If one’s own trademark registration fails before the EUIPO, even though there are already registered comparable trademarks, it stands to reason to appeal against the decision before the European courts on the basis of equal treatment. However, usually in vain.
Imagine the following situation: a term or design was laboriously searched for to describe a trademark – but without being directly descriptive (because a trademark name must not be descriptive of the product or service). Then the preliminary trademark search revealed that similar granted trademarks already exist, but for different goods and services than one plans to claim. Or there are similar trademarks for the same goods and services, but one’s own planned trademark application is still sufficiently different.
Now one believes oneself safe in one’s own trademark application, after all – at least in European trademark law – a principle of equal treatment applies. In addition, the trademark offices are obliged to ensure the legality of their decisions. The European Trademark Office (EUIPO), for example, must comply with EU Regulation No. 207/2009, which is the regulation on the registration of a sign as a Community trademark. And this regulation is then in turn also the basis for European case law with regard to trademark law.
So it is surely possible to refer to already existing trademark registrations of the EUIPO before a European trademark court (ECJ and ECJ) in the sense of equal treatment, if one’s own trademark application was – often incomprehensibly – rejected.
But this is erred therein!
Legality of EUIPO decisions before the European Court
Again and again, these objections fail before the European Courts, and this is not a matter of luck, but has been substantiated in legally relevant judgments of both the ECJ and the ECJ.
The legality of the decisions of the Boards of Appeal is to be judged solely on the basis of EU Regulation No. 207/2009 as interpreted by the EU judge, the ECJ ruled already more than 10 years ago – and not on the basis of a previous decision practice of the Boards of Appeal of the EUIPO.
This is because, according to Art. 63 of Regulation No. 40/94, a decision of the Boards of Appeal can only be annulled or amended on narrowly defined grounds:
- due to lack of competence
- infringement of essential procedural requirements
- infringement of the EC Treaty, of Regulation No. 40/94
- or any rule of law applicable to its implementation, or for misuse of its powers.
However, all decisions taken by EUIPO on the registration of a sign as an EU trademark are not taken on a discretionary basis, but within the framework of EU Regulation No. 207/2009, argue the European Courts. The decisions of the Boards of Appeal on the registration of a sign as a Community trademark under Regulation No. 207/2009 are bound decisions and not discretionary decisions, the ECJ ruled already in 2007 (Alcon Inc. , EU:C:2007:252).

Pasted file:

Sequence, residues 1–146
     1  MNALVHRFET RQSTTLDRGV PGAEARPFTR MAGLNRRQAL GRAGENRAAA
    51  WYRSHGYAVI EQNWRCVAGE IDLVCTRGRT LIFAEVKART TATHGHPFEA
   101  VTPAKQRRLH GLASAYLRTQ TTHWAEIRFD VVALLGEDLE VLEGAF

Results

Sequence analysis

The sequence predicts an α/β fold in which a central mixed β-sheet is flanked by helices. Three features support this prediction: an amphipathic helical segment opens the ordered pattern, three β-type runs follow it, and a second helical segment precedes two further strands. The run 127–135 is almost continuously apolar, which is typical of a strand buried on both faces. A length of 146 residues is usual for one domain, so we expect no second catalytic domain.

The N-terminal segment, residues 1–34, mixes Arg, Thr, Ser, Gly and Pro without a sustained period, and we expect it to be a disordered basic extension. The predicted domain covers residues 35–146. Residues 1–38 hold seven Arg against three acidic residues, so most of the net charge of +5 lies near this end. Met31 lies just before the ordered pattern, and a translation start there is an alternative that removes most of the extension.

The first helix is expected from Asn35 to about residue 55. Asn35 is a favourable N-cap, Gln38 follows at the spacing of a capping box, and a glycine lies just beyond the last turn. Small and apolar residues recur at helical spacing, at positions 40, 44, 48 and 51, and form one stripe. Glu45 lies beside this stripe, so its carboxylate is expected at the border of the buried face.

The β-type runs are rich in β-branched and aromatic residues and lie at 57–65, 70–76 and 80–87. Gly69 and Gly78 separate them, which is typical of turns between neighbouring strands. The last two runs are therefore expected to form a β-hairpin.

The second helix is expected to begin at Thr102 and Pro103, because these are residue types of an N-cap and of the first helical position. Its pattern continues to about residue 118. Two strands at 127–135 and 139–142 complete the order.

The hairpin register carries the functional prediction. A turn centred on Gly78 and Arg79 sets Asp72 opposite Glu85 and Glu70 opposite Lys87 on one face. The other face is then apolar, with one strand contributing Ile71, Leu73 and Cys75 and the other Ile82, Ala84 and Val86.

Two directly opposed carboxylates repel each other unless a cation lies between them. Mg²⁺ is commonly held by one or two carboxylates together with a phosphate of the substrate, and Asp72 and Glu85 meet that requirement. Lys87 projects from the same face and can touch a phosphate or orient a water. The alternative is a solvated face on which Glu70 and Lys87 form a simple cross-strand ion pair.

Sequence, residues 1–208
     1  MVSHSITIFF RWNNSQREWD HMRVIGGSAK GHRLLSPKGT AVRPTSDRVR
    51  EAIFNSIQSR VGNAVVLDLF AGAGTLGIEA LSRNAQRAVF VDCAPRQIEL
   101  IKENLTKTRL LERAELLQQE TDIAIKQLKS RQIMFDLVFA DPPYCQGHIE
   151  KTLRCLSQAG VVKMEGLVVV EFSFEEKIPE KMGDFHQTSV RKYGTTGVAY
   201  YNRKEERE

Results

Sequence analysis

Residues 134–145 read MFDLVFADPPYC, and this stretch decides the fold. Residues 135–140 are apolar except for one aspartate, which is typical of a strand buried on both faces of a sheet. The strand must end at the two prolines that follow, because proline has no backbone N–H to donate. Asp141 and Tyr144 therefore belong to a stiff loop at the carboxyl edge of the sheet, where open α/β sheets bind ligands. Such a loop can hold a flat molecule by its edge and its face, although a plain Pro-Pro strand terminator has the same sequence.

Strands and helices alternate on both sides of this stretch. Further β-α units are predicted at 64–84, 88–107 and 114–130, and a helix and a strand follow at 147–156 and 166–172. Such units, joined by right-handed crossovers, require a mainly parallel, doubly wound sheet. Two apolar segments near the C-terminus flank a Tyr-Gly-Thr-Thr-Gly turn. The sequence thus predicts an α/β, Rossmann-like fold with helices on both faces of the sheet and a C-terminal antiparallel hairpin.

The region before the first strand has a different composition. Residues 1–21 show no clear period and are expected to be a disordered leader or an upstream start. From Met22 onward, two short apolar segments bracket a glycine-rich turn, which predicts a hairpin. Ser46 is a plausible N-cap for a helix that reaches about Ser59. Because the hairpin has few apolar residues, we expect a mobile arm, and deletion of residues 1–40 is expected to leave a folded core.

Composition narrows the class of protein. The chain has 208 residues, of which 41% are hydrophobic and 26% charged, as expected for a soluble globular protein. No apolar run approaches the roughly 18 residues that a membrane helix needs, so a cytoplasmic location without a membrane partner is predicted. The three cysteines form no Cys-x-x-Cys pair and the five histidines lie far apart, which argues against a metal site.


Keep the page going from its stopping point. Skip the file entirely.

Therefore, a decision to register a trademark cannot be challenged before the European Courts on the basis of prior decision-making practice.
Principle of equal treatment and sound administration
Moreover, the principle of equal treatment can hardly be successfully invoked before the European Courts.
This is because, for reasons of legal certainty and proper administration, the examination of each trademark application must be rigorous and comprehensive and, above all, must be carried out in each individual case. From this point of view, it is unlikely that a truly comparable trademark registration can be referred to, which, incidentally, would also have to be an EU trademark. Furthermore, a trademark application must meet the basic requirements for trademark protection.
An example of this was heard yesterday in a case before the European Court of First Instance (CFI) in which the applicant claimed that its own EU trademark application “Heartfulness” had been refused by the EUIPO, even though 14 days later the EUIPO allowed registration of another trademark applicant’s EU figurative mark heartfulness, which relates to essentially the same goods and services as those in the present case. But to no avail; if the registration of the mark applied for is incompatible with this regulation for the goods at issue (in the present case, the mark was considered descriptive), the earlier decision-making practice of the EUIPO cannot rightly be relied upon, the CFI ruled (EU:T:2021:112).
If the comparable trademarks are not even EU trademarks, but national trademarks, they cannot serve as the basis of actions either before the EUIPO or before the European Courts. The background to this is that the Community trademark law forms an autonomous regulation and therefore the EUIPO is not bound by national registrations.
EUIPO is bound by the principle of equal treatment
However, the EUIPO is bound by the principle of equal treatment. This includes, in particular, the duty of the EUIPO to take into account decisions issued on similar applications when examining the application for a Community trademark.
Nevertheless, the observance of the principle of equal treatment must also be reconciled with the requirement of lawful action. Accordingly, however, the applicant for a sign as a Community trademark cannot rely on an erroneous application of the law in favor of another in order to obtain an identical decision, the ECJ ruled back in 2011 (Agencja Wydawnicza Technopol , C-51/10 P).
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